Many (many) years ago it was absolutely critical to avoid divides and always use multiplies, but back then memory hits were less relevant, and divides were much worse. These days I rate readability higher, but if there's no readability difference, I think its a good habit to opt for multiplies.

Solution 8 - Performance

Write whichever is more clearly states your intent.

After your program works, figure out what's slow, and make that faster.

Don't do it the other way around.

Solution 9 - Performance

Do whatever you need. Think of your reader first, do not worry about performance until you are sure you have a performance problem.

Let compiler do the performance for you.

Solution 10 - Performance

If you are working with integers or non floating point types don't forget your bitshifting operators: << >>

    int y = 10;
    y = y >> 1;
    Console.WriteLine("value halved: " + y);
    y = y << 1;
    Console.WriteLine("now value doubled: " + y);

Solution 11 - Performance

Actually there is a good reason that as a general rule of thumb multiplication will be faster than division. Floating point division in hardware is done either with shift and conditional subtract algorithms ("long division" with binary numbers) or - more likely these days - with iterations like Goldschmidt's algorithm. Shift and subtract needs at least one cycle per bit of precision (the iterations are nearly impossible to parallelize as are the shift-and-add of multiplication), and iterative algorithms do at least one multiplication per iteration. In either case, it's highly likely that the division will take more cycles. Of course this does not account for quirks in compilers, data movement, or precision. By and large, though, if you are coding an inner loop in a time sensitive part of a program, writing 0.5 * x or 1.0/2.0 * x rather than x / 2.0 is a reasonable thing to do. The pedantry of "code what's clearest" is absolutely true, but all three of these are so close in readability that the pedantry is in this case just pedantic.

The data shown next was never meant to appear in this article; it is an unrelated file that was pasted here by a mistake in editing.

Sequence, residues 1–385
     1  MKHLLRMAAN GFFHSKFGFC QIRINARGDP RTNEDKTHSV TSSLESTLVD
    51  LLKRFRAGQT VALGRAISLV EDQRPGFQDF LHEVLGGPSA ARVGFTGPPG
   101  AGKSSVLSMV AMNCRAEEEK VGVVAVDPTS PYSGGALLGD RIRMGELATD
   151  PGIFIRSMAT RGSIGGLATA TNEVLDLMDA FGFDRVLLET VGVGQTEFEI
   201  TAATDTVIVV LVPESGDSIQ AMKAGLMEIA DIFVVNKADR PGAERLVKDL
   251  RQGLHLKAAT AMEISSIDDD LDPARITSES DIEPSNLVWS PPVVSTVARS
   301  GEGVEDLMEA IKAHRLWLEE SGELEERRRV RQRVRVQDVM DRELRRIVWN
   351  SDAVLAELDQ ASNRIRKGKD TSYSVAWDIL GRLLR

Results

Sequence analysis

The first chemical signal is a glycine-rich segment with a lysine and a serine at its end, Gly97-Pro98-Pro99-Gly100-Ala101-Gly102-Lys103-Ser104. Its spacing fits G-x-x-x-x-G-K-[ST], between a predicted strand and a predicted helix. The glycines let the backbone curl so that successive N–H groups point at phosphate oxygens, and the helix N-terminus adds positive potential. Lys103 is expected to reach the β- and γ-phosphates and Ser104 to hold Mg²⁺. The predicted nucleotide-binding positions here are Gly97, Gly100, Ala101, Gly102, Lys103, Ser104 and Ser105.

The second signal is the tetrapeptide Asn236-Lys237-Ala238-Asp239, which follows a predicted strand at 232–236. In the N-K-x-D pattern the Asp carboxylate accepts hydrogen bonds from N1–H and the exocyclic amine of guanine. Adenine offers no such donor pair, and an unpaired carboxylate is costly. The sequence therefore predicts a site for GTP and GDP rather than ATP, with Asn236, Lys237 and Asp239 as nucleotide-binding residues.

Solution 12 - Performance

Multiplication is usually faster - certainly never slower. However, if it is not speed critical, write whichever is clearest.

Solution 13 - Performance

I have always learned that multiplication is more efficient.

Solution 14 - Performance

Floating-point division is (generally) especially slow, so while floating-point multiplication is also relatively slow, it's probably faster than floating-point division.

But I'm more inclined to answer "it doesn't really matter", unless profiling has shown that division is a bit bottleneck vs. multiplication. I'm guessing, though, that the choice of multiplication vs. division isn't going to have a big performance impact in your application.

Solution 15 - Performance

This becomes more of a question when you are programming in assembly or perhaps C. I figure that with most modern languages that optimization such as this is being done for me.